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Old 15th December 2016, 11:22 AM   #23
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Reminds me somewhat of when SuperCache came to Windows, and folks started freaking out about "all their free RAM vanishing". As if having hardware lying around idle was a good thing, instead of putting it to use doing something more complex than opening a web browser.

We've got more computing power than ever before in human history, yet we seem to be doing fewer interesting/useful things with it than ever.

</misanthrope>
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Old 15th December 2016, 2:16 PM   #24
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Have you never done anything intensive on your machine before? Or did you buy a beasty computer just to use 20% of it?

Sometimes I do wonder what the heck OCAU members do with all of their collective computing power.
Some of us buy the power for it to be used. 4k Gaming punishes any rig! :P
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Old 15th December 2016, 2:53 PM   #25
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Have you never done anything intensive on your machine before? Or did you buy a beasty computer just to use 20% of it?

Sometimes I do wonder what the heck OCAU members do with all of their collective computing power.
ofc I have! video encoding/transcoding
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Old 15th December 2016, 2:57 PM   #26
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Some of us buy the power for it to be used. 4k Gaming punishes any rig! :P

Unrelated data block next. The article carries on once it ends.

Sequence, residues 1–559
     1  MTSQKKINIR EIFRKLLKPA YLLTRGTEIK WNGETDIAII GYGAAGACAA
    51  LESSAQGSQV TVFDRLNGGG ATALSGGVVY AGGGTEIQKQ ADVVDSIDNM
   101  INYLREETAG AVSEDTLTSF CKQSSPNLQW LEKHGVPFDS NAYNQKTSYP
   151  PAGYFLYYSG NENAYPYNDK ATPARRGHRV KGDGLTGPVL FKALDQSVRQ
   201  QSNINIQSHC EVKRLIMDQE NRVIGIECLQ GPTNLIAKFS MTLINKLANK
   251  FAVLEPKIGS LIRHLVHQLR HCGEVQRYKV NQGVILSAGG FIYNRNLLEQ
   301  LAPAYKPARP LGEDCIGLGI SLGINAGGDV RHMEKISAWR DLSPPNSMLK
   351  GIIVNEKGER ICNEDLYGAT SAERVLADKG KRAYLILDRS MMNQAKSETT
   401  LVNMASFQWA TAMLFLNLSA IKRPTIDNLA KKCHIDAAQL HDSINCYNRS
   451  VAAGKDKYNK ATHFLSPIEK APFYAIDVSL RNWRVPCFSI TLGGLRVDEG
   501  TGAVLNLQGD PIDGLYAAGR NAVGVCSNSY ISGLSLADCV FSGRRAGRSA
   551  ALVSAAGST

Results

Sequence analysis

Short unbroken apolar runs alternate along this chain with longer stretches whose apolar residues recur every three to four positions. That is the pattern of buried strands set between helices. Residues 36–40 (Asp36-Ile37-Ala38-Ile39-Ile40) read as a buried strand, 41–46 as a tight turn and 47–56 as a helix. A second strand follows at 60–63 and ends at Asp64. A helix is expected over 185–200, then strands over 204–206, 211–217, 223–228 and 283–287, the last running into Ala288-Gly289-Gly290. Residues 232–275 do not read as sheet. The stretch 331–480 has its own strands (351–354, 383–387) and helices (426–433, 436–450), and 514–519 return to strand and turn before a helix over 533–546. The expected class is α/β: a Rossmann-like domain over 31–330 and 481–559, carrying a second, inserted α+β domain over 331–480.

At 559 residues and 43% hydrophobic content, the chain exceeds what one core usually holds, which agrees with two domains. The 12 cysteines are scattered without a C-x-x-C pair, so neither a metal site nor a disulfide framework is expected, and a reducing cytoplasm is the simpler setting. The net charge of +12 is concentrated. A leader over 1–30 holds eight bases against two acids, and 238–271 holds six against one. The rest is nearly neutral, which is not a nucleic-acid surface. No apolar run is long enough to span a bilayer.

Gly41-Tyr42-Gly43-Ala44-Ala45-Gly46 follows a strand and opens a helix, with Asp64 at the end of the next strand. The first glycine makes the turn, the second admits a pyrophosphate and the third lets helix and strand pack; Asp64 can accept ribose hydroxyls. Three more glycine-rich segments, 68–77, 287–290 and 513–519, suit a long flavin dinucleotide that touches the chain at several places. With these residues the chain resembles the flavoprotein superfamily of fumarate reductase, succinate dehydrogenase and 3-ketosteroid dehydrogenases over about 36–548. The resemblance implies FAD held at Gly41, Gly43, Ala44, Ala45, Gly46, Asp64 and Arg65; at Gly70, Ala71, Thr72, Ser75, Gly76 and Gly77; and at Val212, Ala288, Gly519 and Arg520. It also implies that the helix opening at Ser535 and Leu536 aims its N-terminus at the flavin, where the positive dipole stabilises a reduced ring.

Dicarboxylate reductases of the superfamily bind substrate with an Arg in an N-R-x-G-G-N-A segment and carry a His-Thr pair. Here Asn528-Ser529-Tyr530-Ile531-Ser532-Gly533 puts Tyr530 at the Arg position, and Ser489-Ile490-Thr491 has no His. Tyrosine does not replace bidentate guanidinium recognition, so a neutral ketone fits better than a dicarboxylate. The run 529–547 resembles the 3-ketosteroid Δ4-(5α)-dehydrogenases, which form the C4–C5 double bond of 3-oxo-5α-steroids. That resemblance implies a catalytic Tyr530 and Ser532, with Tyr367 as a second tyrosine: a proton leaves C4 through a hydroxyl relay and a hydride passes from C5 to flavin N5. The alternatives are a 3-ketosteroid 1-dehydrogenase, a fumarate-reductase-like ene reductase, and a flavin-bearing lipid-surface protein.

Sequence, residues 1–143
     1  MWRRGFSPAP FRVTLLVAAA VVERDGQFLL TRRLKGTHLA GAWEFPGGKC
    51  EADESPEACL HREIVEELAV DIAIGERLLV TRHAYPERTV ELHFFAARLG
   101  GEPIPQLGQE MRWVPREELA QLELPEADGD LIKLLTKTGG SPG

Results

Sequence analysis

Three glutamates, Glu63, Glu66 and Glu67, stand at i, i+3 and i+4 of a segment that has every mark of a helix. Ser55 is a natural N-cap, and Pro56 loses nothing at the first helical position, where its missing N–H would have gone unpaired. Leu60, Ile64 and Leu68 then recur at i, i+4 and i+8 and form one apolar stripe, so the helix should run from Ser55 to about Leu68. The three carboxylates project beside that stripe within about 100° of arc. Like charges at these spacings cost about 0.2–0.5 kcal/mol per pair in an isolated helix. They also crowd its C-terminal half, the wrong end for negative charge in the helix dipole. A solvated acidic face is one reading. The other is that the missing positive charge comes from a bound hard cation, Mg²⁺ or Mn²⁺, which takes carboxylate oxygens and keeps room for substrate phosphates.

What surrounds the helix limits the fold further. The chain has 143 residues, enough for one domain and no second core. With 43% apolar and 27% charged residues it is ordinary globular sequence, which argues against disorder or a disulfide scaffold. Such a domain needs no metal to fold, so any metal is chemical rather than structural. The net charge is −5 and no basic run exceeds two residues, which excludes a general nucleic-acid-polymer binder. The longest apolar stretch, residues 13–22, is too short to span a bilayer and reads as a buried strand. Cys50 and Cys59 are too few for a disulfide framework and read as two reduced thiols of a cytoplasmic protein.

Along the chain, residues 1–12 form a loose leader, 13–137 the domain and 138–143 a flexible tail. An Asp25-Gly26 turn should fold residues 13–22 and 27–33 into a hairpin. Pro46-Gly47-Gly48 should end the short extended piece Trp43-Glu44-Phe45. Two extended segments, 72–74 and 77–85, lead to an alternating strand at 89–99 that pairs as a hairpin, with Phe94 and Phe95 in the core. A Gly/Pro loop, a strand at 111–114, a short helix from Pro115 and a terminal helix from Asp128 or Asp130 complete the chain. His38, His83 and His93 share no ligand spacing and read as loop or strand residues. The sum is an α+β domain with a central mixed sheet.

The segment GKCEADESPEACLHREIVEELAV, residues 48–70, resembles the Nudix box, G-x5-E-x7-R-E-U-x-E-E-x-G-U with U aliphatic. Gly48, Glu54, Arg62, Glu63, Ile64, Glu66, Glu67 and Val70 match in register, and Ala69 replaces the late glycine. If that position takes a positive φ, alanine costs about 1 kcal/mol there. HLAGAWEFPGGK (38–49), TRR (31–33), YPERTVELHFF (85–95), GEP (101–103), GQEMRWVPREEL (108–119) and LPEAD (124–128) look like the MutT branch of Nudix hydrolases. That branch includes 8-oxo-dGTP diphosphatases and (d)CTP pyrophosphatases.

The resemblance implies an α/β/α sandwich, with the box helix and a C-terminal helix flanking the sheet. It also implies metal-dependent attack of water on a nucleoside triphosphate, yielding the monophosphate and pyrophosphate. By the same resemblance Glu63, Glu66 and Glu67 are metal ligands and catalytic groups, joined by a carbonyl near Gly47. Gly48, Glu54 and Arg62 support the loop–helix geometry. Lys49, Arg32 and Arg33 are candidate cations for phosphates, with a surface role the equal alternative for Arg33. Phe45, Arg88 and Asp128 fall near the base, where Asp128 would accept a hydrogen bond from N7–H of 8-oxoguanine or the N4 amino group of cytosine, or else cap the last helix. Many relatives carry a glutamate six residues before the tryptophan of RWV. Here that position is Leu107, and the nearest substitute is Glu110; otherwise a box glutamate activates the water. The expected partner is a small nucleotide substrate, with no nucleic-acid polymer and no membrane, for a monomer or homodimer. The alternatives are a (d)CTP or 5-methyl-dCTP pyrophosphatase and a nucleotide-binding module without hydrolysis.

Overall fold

Yes and no. Realtime 3D is an interesting problem, but try doing workloads that take CPUs and GPUs months at full load to generate a few seconds (or even milliseconds) worth of visual data, and you're in a whole different world.

Parity calc on terabytes of data is in the same realm as that sort of problem. Saying "it brings my rig to its knees" is somewhat missing the point of what's going on if you're used to realtime data that frequently sits well shy of 100% load to generate an adequate amount of information.

For folks who only know PCs to be gaming rigs, consider how your computers would react if you were running 24x7 gaming benchmarks in parallel on them for months on end. That's the world of computing I live in, comparatively speaking.

There are much bigger, much more complex, and much more demanding tasks out there for computers to work on than just video games (and I'm not trying to diminish video games either in their fun nor commercial value, as both are high). And as banal as Reed Solomon error correction or Erasure Coding tasks sound, they're a real world problem that are indeed CPU bound, particularly when you're not doing these tasks inline per I/O operation.

Which, if you've been following this thread and others like it, is why we storage folks constantly recommend file systems that actually do these tasks inline, like ZFS, BtrFS and ReFS. And also, that's invariably why people jump on them thinking they're "free", and wonder why lots of disk reads and writes chew up their CPU more than before, which annoys folks who just want to load games faster off disk, and not worry about long term critical data storage and data integrity.

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ofc I have! video encoding/transcoding
We recently did a project for the ABC at work where we had to transcode 30 years worth of TV shows and footage the ABC owned. Most of it had to be brought in from tape (both digital and analogue), captured, and transcoded to 3 different qualities for web and broadcast.

If you think transcoding a 1.5 hour movie is demanding on your hardware, try 30 years worth of the stuff.

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Old 15th December 2016, 3:13 PM   #27